As mTORC1 also classically stimulates protein synthesis, an important hypertrophic stimulus, the effects of exendin-4 on the rate of protein synthesis were also examined: 7.8 mM glucose significantly stimulated the rate of total protein synthesis (Fig. 1C). However, we could not detect any significant potentiation of protein synthesis by exendin-4.

Taken together, these results provide evidence that exendin-4 potentiates glucose-stimulated islet cell proliferation via an mTOR-dependent pathway which does not parallel changes in the rate of total protein synthesis or the dissociation of 4EBP1 from eIF4E.

Evidence that exendin-4-stimulated islet cell proliferation requires the activation of S6K1

S6K1 is a key downstream target of mTORC1, which has been shown to be crucial in the maintenance of β-cell size (Pende et al. 2000, Ruvinsky et al. 2005). However, it is unknown whether the inhibition of S6K1 has any impact on β-cell replication. Therefore, we investigated the role of S6K1 in exendin-4-induced islet cell proliferation. Dispersed rat islets of Langerhans were cultured in 2 mM glucose, 7.8 mM glucose, or 7.8 mM glucose plus exendin-4 in the presence or absence of the highly selective S6K1 inhibitor PF4708671 (n.b. S6K1: IC50 is 0.16 μM/S6K2: IC50 is 65 μM; Bilanges & Vanhaesebroeck 2010, Pearce et al. 2010) and the incorporation of [3H]-thymidine into DNA was determined (Fig. 2A). Compared with islet cells incubated in 2 mM glucose, those in 7.8 mM glucose plus exendin-4 stimulated DNA replication. The addition of as little as 0.2 μM PF4708671 was sufficient to significantly inhibit exendin-4-stimulated DNA replication. Importantly, at this concentration, PF4708671 was unable to block the phosphorylation rpS6, which is a primary target of S6K2 and not S6K1 (Pende et al. 2004; Fig. 2B). Therefore, PF4708671 is likely inhibiting DNA replication by inhibiting S6K1 rather than S6K2.

fig2

S6K1 is required for exendin-4-stimulated cell proliferation. (A) Dispersed rat islets of Langerhans were incubated in RPMI containing 2 mM glucose, 7.8 mM glucose, or 7.8 mM glucose plus 10 nM exendin-4 for 96 h. [3H]-thymidine and, where indicated, PF4708671 were added during the last 24 h. DNA was extracted by TCA precipitation and [3H]-thymidine incorporation determined using a scintillation counter. *P=0.05-0.01, **P=0.01-0.0011. (B) Rat islet of Langerhans were incubated in RPMI containing 2 mM glucose, 7.8 mM glucose, or 7.8 mM glucose plus 10 nM exendin-4 in the presence or absence of PF4708671. The islets were then lysed and the proteins separated by SDS–PAGE and western blotted using antisera against phospho (P)-PKB (S473) and P-rpS6 (S240/244). rpS6 and PKB were used as loading controls.

Citation: Journal of Molecular Endocrinology 53, 1; 10.1530/JME-13-0200

PKB is required for exendin-4 stimulation of both mTORC1 and islet cell DNA replication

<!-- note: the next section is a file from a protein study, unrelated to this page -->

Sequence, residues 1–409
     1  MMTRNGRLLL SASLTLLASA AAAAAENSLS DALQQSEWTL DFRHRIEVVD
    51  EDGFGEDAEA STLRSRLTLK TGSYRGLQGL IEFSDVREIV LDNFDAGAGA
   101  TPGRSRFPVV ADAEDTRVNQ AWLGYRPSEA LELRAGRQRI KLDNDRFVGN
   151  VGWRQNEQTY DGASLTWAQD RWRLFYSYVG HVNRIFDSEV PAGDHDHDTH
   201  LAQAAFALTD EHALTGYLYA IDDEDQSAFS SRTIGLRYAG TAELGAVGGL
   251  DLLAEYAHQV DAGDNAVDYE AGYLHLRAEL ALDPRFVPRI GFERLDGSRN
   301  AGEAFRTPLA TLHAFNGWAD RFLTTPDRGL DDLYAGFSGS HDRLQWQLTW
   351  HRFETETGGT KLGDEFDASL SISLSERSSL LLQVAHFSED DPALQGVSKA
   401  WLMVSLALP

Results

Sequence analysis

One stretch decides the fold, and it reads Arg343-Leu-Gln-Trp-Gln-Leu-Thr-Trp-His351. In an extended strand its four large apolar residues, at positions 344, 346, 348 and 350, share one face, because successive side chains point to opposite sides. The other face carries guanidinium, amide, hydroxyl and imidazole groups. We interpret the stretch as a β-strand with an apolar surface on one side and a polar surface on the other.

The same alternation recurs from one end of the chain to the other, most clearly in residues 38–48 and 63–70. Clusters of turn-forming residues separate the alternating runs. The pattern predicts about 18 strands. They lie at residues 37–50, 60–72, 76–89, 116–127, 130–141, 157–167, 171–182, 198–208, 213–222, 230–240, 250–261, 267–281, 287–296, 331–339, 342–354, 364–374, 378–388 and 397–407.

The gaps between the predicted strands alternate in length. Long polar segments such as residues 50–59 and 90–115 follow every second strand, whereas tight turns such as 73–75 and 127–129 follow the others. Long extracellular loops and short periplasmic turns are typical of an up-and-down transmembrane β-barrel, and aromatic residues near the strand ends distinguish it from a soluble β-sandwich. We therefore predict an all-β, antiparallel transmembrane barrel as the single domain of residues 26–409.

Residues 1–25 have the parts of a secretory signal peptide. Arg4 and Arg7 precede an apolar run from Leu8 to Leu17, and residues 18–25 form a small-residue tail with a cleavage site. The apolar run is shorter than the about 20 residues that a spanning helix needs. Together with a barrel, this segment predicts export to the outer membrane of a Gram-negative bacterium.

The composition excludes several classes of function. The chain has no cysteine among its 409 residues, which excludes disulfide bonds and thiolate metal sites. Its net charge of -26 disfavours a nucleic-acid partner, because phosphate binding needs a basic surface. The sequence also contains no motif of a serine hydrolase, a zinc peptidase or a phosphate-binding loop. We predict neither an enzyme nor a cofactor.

As PKB is known to activate mTORC1 in other cell types via the phosphorylation and inhibition of TSC2 and the phosphorylation and dissociation of PRAS40 from mTORC1 (Kovacina et al. 2003, Oshiro et al. 2007, Sancak et al. 2007, Thedieck et al. 2007, Vander Haar et al. 2007, Wang et al. 2007), we determined whether exendin-4 activates mTORC1 and DNA replication through a PKB-dependent mechanism. We initially investigated the potential role of PKB in exendin-4 stimulation of β-cell DNA replication. Dispersed rat islets of Langerhans were cultured in 2 mM glucose, 7.8 mM glucose, or 7.8 mM glucose plus exendin-4 for 96 h and the incorporation of [3H]-thymidine into DNA was determined in the presence or absence of AKTi1/2, a highly selective inhibitor of PKB (Barnett et al. 2005; Fig. 3A). Compared with cells incubated in 2 mM glucose, 7.8 mM glucose stimulated DNA replication and this was significantly potentiated by exendin-4. The addition of AKTi1/2 significantly inhibited exendin-4 plus glucose-stimulated DNA replication. Taken together, these data provide evidence that PKB activation is essential for GLP1R agonist-stimulated proliferation. Islets of Langerhans were then treated with exendin-4 plus glucose in the presence or absence of AKTi1/2, and changes in the phosphorylation/activation of PKB and mTORC1 were determined by western blotting analysis (Fig. 3B). Exendin-4 led to robust activation of PKB, as determined by its phosphorylation on S473, and the phosphorylation of its downstream targets GSK3, TSC2, and PRAS40. Importantly, an increase in the phosphorylation of TSC2 on T1462 and of PRAS40 on T246 were coincident with the activation of mTORC1, as determined by an increase in its auto-phosphorylation of S2481 and the phosphorylation of its downstream targets: S6K1 on T389 and rpS6 on S240/244 (Kovacina et al. 2003, Oshiro et al. 2007, Sancak et al. 2007, Thedieck et al. 2007, Vander Haar et al. 2007, Wang et al. 2007). The addition of AKTi1/2 inhibited exendin-4-stimulated phosphorylation of PKB, the phosphorylation of its downstream targets, and inhibited mTORC1 activation. Therefore, exendin-4-dependent mTORC1 activation is likely mediated by the PKB-dependent phosphorylation of TSC2 and PRAS40.